Tufte, Godin, Juice Analytics
Juice Analytics comments on “Godin’s take on Tufte:”
(Godin) I think this is one of the worst graphs ever made.
He’s very happy because it shows five different pieces of information on three axes and if you study it for 15 minutes it really is worth 1000 words.
I don’t think that is what graphs are for. I think you are trying to make a point in two seconds for people who are two lazy to read the forty words underneath
I think Seth has it just right. Personally, I can hardly resist the a well-constructed infographic, but I have an unnatural interest in data. For the many business users, better to construct information displays that are simple and to the point.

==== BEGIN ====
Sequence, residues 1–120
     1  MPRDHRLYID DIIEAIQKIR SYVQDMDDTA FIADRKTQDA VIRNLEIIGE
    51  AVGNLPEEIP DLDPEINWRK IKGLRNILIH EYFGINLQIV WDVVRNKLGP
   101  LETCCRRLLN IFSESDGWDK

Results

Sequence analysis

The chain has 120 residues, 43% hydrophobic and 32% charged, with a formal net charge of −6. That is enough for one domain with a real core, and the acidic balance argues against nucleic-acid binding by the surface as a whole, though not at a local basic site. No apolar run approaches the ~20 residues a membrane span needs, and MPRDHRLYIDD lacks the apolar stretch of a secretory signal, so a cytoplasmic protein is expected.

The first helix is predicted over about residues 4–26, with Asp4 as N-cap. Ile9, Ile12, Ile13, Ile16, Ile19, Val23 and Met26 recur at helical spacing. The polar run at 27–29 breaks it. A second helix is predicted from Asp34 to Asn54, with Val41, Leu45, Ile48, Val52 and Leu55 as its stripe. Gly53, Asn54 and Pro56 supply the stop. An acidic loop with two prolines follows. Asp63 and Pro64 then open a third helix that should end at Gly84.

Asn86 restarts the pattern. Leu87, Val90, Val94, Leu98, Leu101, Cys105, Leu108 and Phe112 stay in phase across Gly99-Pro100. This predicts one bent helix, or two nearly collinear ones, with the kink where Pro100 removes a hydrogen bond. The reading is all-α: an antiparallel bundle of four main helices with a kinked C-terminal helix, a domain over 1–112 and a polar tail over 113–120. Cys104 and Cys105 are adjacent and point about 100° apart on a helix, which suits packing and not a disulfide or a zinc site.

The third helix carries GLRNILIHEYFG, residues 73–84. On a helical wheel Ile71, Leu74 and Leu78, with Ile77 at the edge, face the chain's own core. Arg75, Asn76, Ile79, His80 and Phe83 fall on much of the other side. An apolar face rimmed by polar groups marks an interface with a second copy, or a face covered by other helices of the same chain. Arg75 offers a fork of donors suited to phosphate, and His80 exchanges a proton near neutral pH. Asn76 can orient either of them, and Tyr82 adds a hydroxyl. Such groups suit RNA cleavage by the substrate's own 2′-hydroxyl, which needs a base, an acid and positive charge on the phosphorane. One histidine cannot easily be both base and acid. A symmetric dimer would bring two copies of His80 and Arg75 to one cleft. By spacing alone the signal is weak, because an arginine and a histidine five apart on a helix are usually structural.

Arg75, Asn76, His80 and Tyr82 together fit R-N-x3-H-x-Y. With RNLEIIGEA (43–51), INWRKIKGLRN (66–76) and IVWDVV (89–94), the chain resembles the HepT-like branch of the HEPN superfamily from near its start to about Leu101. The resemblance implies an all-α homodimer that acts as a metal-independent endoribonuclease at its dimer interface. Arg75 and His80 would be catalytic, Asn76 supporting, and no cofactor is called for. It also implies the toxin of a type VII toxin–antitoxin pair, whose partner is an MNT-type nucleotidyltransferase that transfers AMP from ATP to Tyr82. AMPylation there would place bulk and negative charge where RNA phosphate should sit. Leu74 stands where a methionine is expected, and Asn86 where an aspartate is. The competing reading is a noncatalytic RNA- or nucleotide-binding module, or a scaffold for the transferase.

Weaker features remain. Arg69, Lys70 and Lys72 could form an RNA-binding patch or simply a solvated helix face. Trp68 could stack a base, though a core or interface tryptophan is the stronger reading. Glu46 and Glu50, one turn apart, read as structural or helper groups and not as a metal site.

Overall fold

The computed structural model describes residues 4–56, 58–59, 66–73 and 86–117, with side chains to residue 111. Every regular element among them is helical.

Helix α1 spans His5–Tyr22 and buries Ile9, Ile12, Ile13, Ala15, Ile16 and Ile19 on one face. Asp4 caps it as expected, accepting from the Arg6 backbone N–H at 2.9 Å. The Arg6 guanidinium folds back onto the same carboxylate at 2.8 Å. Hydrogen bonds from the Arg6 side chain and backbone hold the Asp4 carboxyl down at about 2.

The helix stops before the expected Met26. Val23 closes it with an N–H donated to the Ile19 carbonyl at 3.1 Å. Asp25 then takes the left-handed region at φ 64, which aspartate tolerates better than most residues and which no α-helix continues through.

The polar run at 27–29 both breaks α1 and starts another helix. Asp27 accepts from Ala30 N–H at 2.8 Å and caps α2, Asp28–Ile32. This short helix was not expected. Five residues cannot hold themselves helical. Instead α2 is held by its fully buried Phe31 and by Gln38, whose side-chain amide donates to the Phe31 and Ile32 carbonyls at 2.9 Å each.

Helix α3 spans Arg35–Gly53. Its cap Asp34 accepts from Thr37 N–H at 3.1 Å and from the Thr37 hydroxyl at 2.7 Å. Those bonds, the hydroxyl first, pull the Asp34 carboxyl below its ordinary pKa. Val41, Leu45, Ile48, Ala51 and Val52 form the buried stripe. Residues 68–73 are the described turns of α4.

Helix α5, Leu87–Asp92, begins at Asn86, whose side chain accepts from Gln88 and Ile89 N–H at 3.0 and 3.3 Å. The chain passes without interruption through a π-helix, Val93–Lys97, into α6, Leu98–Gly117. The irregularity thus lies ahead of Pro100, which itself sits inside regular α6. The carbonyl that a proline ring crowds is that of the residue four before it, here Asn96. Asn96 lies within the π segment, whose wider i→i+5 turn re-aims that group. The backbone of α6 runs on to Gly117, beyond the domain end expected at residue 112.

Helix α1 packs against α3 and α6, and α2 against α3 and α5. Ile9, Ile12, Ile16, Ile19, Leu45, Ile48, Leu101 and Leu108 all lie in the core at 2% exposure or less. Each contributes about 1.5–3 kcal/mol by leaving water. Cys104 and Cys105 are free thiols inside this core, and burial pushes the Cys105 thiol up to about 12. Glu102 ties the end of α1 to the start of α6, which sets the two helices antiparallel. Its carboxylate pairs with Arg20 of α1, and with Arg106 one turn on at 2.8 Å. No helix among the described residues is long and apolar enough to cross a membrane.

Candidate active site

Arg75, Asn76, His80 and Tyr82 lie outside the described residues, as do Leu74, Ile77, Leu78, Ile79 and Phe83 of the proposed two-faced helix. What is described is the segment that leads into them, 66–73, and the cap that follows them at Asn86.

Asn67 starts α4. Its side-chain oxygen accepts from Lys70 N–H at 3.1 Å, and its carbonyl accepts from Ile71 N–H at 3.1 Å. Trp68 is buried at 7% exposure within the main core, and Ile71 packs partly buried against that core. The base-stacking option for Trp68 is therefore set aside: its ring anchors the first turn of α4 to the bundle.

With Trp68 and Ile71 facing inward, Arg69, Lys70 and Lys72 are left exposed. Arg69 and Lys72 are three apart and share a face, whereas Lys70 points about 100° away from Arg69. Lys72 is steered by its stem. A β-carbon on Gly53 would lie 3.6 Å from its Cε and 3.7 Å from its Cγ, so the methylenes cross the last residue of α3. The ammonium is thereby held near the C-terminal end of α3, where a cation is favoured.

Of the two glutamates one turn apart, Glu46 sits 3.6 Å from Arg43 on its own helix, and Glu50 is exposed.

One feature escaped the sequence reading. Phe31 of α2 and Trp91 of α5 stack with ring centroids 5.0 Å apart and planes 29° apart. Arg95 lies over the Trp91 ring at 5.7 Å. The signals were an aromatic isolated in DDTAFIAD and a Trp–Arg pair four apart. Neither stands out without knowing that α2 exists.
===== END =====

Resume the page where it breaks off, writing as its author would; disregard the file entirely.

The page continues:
So, Seth’s points are good. They’re made in this video presentation at GEL 2006 (Google video, worth watching).
I’m really irritated by Juice’s words. It is never better to construct information displays that are simple and to the point, absent an understanding of why you’re constructing a display. If your point is “Napoleon lost a lot of lives attacking Russia” maybe a bar graph would do. Sometimes complex reasoning requires complex data. The question is not “Should your graphics be simple and to the point,” but rather “do my graphics help present the data and help people reason about it?”
To put it another way, start from the user story, use case, or scenario, and construct your information presentations to help that story along. Then, and only then, should you make it as simple and to the point as possible, but no simpler.